Sunday, 26 October 2014

Morality 19: Capital Punishment Introduction

Higher RMPS Podcast
Capital Punishment - Introduction

This is available as an MP3 or to download as a podcast through iTunes
for Desktop and Apple devices, as well as PodcastHD for Android Devices. 

When the news reports a paedophile or child murder being sentenced its common for the public to remark “I’d kill ‘em”.  When pressed social surveys show that there is falling support for the death penalty, with only 45% of the UK supporting its reintroduction[1].  When asked if Britain was right to abolish the death penalty the public were split, 42% agreed and 42% disagreed.  This section of the course will explore the morality of the death penalty; how it’s done, where it’s done, why we stopped, who we did it to, and what people think about it.

What is capital punishment?

The term capital originates from the Latin capitalis, which literally means "regarding the head" (referring to execution by beheading).  Capital Punishment is commonly referred to as the Death Penalty.  Capital Punishment is a legal process where a person is put to death by the state as a punishment for a crime or crimes.  It is a moral issue as well as one that draws a great amount of controversy as the basic process is the government putting one of its citizens to death.  Does the government have a right to do this? 
The death penalty works as a form of protection as if the criminal is dead they can’t commit any more crimes; however, what if you’ve got the wrong person?  It’s hardly protecting the public if you execute the wrong person.  It works as a form of deterrence as it is the harshest punishment anyone can be sentenced to and thus should work to dissuade other criminals; however, as said before criminals don’t expect to be cause.  Moreover, recent polls isn’t clear is the public perceive it as a strong deterrent, which is a good indicator if criminals do.  It also works as a form of retribution as it is a clear eye for an eye punishment; it doesn’t, however, work as a form of reformation as…well…they’re dead.

Death Penalty Around the World

Capital punishment has, in the past, been practiced by most societies as a punishment for criminals.  Historically, the carrying out of the death sentence was often accompanied by torture, and executions were most often public.

Currently 58 nations actively use capital punishment, including China, Egypt, and several states in the USA; 98 countries have abolished it for all crimes, including France, Germany, and the UK; 7 have abolished it for ordinary crimes (keeping it for special circumstances such as war crimes), including Brazil and Peru; and 35 have not used it for at least ten years, such as Russia, Algeria, Zambia.  Nearly all countries in the world prohibit the execution of individuals under the age of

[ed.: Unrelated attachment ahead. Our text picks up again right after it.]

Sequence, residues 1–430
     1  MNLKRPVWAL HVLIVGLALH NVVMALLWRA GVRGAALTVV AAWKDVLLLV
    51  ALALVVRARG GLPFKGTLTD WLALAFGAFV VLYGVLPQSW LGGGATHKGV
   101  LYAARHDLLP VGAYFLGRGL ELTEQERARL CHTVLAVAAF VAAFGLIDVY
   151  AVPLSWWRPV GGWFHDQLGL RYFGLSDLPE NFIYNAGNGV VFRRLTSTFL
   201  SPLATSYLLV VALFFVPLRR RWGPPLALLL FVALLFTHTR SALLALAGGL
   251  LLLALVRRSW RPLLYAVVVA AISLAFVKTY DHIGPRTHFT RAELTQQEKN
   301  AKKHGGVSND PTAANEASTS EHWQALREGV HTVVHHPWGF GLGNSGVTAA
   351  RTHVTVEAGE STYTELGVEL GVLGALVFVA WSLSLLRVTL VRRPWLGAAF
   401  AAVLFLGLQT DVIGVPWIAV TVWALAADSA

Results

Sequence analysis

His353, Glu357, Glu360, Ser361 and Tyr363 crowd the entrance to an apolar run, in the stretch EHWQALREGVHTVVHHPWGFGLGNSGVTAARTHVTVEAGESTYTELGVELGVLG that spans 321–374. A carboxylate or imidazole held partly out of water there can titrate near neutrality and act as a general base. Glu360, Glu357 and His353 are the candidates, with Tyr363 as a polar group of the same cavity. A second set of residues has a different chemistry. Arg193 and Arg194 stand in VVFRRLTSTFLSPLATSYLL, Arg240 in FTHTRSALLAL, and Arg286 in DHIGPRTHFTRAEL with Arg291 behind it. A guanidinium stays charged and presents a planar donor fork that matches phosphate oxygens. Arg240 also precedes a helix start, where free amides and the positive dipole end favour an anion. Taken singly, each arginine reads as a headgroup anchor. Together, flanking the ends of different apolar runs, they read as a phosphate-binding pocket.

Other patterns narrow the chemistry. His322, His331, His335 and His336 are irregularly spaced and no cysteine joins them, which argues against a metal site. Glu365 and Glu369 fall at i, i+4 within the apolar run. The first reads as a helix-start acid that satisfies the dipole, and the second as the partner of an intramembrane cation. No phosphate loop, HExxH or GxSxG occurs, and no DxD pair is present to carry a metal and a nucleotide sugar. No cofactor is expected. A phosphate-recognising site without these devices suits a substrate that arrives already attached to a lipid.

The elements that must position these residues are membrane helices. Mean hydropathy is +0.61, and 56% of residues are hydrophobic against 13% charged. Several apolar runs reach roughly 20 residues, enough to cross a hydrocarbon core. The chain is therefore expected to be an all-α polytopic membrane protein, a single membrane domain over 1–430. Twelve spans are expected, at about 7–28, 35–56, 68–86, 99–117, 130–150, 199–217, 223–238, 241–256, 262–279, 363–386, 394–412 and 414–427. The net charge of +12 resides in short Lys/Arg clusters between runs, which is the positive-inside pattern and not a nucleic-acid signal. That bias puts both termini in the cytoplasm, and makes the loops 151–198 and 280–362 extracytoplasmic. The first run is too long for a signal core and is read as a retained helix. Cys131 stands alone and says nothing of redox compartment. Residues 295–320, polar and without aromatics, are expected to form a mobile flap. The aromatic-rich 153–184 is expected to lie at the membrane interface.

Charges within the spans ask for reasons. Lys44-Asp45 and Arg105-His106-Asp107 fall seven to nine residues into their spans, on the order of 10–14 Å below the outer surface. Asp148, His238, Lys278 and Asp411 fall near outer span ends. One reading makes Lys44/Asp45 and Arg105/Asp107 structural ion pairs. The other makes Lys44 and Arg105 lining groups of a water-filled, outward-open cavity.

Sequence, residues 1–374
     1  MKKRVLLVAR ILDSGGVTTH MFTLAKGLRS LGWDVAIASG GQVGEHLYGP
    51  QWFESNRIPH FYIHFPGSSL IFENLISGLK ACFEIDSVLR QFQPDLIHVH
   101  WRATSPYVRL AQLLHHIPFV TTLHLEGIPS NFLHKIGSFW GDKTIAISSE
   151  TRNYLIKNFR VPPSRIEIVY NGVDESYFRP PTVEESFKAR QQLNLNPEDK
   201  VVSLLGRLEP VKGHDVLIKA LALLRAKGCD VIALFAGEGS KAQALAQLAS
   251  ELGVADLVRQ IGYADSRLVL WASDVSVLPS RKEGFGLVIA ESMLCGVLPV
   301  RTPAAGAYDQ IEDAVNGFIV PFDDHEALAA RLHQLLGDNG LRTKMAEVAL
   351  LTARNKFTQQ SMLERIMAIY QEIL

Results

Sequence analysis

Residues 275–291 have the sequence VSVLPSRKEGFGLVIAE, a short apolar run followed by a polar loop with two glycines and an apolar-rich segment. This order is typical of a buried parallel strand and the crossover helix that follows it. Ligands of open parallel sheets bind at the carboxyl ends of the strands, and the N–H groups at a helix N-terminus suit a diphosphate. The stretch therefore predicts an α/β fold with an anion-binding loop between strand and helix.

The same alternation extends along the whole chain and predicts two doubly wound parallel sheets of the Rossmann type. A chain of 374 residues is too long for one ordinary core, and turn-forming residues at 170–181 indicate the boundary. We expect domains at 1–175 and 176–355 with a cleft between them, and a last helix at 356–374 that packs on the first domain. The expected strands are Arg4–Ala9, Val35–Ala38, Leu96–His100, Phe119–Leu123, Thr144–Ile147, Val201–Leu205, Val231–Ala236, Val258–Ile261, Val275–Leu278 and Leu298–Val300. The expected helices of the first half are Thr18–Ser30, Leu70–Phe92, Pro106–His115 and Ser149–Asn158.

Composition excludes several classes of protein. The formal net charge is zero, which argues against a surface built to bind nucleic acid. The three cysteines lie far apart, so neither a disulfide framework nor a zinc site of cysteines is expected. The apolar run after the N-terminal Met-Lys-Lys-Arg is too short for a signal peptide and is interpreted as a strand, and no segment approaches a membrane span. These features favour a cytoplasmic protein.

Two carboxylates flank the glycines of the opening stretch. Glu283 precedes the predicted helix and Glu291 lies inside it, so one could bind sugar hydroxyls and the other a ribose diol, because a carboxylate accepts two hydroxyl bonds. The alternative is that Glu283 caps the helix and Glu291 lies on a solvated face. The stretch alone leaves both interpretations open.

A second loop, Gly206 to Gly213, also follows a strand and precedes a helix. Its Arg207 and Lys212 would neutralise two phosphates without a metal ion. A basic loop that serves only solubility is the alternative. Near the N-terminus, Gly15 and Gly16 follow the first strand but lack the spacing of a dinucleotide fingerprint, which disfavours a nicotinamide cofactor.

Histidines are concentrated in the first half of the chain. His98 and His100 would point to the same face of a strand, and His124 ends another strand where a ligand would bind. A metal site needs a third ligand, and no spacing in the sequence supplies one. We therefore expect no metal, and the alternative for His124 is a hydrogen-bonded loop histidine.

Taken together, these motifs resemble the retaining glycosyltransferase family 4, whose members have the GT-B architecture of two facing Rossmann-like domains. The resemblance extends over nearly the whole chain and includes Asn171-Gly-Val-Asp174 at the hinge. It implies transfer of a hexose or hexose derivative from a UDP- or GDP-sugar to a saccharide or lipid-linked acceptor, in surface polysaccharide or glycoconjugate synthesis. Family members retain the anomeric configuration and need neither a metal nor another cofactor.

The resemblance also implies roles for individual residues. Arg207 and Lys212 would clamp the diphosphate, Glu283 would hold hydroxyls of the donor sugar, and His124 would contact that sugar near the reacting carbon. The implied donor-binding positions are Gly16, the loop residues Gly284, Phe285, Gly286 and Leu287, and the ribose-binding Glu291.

18 at the time of their crimes; since 2009, only Iran, Saudi Arabia, and Sudan have carried out such executions which are prohibited under international law.

General arguments for the Death Penalty

The USA has a public and noted history of using Capital Punishment.  Families of victims murdered have described a sense of justice at seeing the killer of their loved one put to death.  Although polls may be close with how strong a deterrent the death penalty may be, it still may be a deterrent for a larger percentage of society.  Some have suggested that executing criminals also stops them being a burden on society and the state.

Protection seems to be the strongest argument for the Death Penalty, independent of religious or secular views.  If we execute the guilty then there is no way can harm anyone else.  When Jon Venables and Robert Thompson abducted, sexually abused, tortured, and murdered two-year-old James Bulgar the public were enraged.  The death penalty would have stopped riots.  The two were imprisoned and released after their sentence; however, Jon Venebles was arrested and sent back to prison for possessing and distributing child pornography.  Executing Venebles would have protected others from him.

General arguments against the Death Penalty

Regardless if you are religious or non-religious, life if precious.  We have an inbuilt instinct to protect life; some may violate this instinct but it is still our duty to be better human beings.  Opinions may be split on whether the death penalty is an effective deterrent; however, evidence has shown that states in the USA with the death penalty have similar murder rates than those without the death penalty.    This would seem to suggest that using the death penalty as a deterrent in fact does not work.  We often assume that given the amount spent on keeping someone in prison it would be far
cheaper to execute them.  When criminals are executed in Texan the Warden issues a statement to the press which often includes the cost of the drugs used[2], approximately $85.  However, this masked the greater costs including legal appeals and prison fees.  The median costs of executing a criminal is $1.26M, 70% more than keeping them in prison[3].  Many feel that the death penalty is a quick and easy way out for some, they would rather see them punished in jail.

The most compelling reason against the death penalty is the risk of executing an innocent person.  In 2011 Troy Davis was executed for murder despite 8 of the 9 witnesses recanting their testimonies stating they had been tortured by police to say Troy Davis was guilty.




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